First, make a simple spreadsheet with the fees for your most common 15-20 procedures. In parallel columns list the fee allowances of your most active PPOs. At the same time, get an idea of how many patients, or what percentage of your practice, are in the various PPO plans.
Most doctors have spent years signing up for PPOs. Now it is time to learn how to “un-sign” up! Pick a smaller PPO as a “warm up.” If a PPO represents less than 15% of your practice, your write offs are over 40% of your standard fees, and there are decent out-of-network benefits, then that one is a prime candidate. (Many doctors across the country recently received a letter from Cigna stating that it will be reducing its reimbursements. If this applies to you, then you may want to put Cigna first in the firing order.)
Ask the insurance company what the notification period is. Send them a notice by certified mail (sometimes they get “lost”) and ask for written confirmation of the transition and date. If the insurance company tells you that you must notify your patients of the transition, that means its likely they are not going to be sending letters. That is usually the case. This is good, because then you can call or talk to patients face to face about the transition. Here is language that can form the basis of these conversations:
“Mrs. Smith, since your last visit we’ve changed your network affiliation. We are now independent providers with XYZ-PPO. We’ve checked on your benefits. The good thing with XXX-PPO is that for most of our patients, the benefits are fairly standard. They will cover all or most of the preventative care. We will do our best to estimate your costs on a case-by-case basis…”
If your staff is well trained and believe in what you are doing, most patients will be fine. Patients like their dentists for more than their in-network status. Ironically, if you get so busy and overloaded trying to outrun the PPO discounts, you can create an atmosphere where patients can only like you because of your in-network status! So, if you are an independent practice that has good relationships with patients, you can do this.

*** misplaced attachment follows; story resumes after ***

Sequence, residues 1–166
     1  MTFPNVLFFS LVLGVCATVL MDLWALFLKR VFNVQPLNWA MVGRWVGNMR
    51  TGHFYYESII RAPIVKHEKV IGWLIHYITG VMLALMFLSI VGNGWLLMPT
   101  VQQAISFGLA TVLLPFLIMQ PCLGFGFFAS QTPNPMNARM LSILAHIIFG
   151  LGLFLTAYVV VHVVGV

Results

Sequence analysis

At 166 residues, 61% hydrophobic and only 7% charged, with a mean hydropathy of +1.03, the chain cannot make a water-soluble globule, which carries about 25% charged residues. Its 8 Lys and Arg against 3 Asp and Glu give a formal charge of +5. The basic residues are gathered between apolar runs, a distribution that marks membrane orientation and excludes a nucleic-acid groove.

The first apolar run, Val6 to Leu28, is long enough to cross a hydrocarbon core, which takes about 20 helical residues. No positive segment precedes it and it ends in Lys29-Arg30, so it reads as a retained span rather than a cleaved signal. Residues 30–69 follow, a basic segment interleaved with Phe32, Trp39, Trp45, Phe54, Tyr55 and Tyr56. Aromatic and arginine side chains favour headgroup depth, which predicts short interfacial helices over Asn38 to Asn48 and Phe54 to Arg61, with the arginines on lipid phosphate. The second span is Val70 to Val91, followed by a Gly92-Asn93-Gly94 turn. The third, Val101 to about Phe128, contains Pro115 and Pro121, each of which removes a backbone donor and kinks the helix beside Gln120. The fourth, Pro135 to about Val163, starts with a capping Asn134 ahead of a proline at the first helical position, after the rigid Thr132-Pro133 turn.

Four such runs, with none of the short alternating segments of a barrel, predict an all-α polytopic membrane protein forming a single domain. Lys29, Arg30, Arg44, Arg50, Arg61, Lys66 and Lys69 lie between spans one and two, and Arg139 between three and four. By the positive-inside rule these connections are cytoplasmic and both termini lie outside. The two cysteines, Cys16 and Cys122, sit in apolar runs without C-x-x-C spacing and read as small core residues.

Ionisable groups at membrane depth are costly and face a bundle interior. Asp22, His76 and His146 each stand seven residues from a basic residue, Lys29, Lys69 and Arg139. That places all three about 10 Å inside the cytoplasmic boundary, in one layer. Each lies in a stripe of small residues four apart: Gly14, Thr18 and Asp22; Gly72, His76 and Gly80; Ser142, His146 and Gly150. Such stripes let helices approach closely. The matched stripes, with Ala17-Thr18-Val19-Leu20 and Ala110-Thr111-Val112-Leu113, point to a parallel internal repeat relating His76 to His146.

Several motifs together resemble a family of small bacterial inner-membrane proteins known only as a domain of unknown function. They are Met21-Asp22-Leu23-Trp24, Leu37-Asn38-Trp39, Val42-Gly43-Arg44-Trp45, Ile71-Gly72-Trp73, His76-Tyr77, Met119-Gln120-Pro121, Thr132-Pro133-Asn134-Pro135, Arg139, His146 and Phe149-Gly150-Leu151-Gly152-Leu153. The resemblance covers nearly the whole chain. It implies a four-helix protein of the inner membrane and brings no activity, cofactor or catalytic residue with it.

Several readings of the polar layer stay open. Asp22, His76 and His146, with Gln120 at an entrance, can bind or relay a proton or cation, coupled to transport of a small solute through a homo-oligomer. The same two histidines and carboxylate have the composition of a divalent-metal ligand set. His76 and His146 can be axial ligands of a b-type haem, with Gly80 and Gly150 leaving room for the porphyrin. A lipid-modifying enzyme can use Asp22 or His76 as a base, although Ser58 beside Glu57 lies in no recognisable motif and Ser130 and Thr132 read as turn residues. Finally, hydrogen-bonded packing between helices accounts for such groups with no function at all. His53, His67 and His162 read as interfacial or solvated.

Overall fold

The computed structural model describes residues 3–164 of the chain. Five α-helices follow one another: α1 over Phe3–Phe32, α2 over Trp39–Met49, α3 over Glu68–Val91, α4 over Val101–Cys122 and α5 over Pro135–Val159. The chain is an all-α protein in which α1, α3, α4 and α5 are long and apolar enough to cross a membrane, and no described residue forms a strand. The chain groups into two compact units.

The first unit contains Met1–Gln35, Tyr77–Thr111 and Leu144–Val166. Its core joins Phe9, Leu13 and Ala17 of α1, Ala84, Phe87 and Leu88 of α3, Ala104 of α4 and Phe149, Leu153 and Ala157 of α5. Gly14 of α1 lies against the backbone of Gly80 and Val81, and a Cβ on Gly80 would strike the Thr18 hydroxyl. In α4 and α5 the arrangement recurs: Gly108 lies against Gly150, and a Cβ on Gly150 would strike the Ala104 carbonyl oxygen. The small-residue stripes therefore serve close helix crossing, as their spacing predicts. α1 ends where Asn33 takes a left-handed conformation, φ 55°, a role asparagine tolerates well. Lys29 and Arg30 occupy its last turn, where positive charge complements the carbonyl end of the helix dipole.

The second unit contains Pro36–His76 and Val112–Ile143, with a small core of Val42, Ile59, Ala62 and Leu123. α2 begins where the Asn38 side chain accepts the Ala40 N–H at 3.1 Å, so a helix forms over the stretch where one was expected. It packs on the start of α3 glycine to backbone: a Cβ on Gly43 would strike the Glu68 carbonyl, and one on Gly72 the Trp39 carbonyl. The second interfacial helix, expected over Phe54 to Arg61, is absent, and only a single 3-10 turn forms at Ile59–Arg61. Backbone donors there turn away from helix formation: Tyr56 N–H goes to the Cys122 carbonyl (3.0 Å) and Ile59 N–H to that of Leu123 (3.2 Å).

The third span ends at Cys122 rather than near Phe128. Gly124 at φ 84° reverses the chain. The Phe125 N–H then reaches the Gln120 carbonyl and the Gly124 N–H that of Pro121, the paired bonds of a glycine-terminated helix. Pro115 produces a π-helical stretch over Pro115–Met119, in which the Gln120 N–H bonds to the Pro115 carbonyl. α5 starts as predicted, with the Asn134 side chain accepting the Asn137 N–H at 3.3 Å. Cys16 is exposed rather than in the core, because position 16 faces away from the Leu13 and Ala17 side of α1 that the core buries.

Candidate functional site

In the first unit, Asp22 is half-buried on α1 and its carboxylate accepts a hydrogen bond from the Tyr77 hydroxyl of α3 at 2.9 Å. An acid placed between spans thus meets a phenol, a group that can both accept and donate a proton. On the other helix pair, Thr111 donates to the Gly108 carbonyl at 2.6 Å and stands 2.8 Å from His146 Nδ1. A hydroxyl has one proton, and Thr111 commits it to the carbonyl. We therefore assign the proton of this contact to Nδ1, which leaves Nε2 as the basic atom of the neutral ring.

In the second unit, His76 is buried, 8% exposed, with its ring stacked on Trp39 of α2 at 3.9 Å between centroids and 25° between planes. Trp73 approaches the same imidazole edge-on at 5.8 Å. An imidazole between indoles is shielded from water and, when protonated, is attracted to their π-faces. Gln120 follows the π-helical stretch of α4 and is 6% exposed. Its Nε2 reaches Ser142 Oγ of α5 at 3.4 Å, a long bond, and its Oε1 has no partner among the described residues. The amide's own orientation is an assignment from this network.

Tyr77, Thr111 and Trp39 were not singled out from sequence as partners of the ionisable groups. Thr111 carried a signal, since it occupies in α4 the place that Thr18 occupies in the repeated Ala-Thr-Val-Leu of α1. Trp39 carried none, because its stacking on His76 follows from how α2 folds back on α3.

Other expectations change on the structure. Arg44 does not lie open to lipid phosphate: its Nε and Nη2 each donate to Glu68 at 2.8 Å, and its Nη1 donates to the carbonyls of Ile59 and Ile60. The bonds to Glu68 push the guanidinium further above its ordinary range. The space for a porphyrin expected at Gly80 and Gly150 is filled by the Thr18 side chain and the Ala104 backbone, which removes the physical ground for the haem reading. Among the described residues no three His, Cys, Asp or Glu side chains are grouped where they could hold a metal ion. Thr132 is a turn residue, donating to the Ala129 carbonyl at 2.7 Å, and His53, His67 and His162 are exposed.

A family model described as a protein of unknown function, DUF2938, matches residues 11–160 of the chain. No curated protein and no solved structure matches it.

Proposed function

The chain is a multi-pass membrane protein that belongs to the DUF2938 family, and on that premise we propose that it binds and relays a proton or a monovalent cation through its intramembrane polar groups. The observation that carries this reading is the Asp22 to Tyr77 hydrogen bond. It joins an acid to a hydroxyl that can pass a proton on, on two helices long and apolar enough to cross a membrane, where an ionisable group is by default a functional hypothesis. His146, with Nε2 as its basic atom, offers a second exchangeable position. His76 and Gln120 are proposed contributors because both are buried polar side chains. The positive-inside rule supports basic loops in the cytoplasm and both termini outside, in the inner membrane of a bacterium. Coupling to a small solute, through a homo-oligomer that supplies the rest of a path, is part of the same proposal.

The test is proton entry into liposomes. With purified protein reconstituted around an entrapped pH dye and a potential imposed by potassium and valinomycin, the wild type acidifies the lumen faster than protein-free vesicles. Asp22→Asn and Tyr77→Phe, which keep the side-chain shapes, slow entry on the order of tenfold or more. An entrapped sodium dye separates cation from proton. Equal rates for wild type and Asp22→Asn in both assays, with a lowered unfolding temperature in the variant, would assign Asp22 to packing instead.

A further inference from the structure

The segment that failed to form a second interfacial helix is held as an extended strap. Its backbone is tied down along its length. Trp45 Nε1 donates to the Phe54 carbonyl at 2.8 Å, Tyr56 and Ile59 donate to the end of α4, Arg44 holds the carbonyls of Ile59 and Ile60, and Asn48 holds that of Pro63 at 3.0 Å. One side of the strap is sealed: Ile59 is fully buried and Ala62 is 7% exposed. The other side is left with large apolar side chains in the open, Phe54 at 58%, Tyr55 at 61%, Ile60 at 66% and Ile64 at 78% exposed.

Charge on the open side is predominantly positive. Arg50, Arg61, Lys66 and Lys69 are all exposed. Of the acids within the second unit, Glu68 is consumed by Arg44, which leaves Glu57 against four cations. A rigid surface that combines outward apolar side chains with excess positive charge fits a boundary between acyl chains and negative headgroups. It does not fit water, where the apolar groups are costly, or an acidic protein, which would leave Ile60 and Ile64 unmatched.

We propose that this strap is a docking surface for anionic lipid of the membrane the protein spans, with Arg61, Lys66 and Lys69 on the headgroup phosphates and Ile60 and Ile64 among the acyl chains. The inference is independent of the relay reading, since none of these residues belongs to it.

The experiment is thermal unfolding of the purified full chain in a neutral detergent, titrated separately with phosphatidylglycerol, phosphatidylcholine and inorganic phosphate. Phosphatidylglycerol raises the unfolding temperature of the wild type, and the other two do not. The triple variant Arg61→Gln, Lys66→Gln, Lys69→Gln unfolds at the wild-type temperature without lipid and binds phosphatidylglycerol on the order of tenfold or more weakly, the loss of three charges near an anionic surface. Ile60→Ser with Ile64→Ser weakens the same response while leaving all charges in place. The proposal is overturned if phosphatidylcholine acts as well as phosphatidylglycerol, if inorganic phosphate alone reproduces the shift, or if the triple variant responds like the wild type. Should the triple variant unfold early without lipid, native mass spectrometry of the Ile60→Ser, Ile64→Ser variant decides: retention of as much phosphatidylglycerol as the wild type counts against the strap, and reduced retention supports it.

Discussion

If the insurance company sends letters, then you can do a counter-campaign with letters of your own and follow-up calls. This is in addition to one-on-one personal conversations with patients at their recall appointments prior to the PPO drop. We do not recommend getting into letter wars with insurance companies if they can be avoided. If the PPO is not sending letters, you shouldn’t either. It is best to speak with patients face to face. After your staff has had a dozen or so conversations and they see that patients are still happy in the office regardless of their insurance coverage, they will gain confidence and get better at handling them.
To quantify the impact of dropping a PPO, consider a hypothetical example of a practice that is (1) producing $100,000 per month, (2) where 10% of the production is for patients in network with XYZ-PPO; (3) that XYZ-PPO discounts fees by 40%; and (4) where monthly collections are therefore $96,000. With a successful transition, even allowing for 20% patient attrition, the practice will collect $8,000 per month on the now out-of-network XYZ patients (versus $6,000), a gain of $2,000. This goes straight to the bottom line, each month, for this year and for years to come. There is no extra work and no additional overhead. Then go on to the next PPO. . .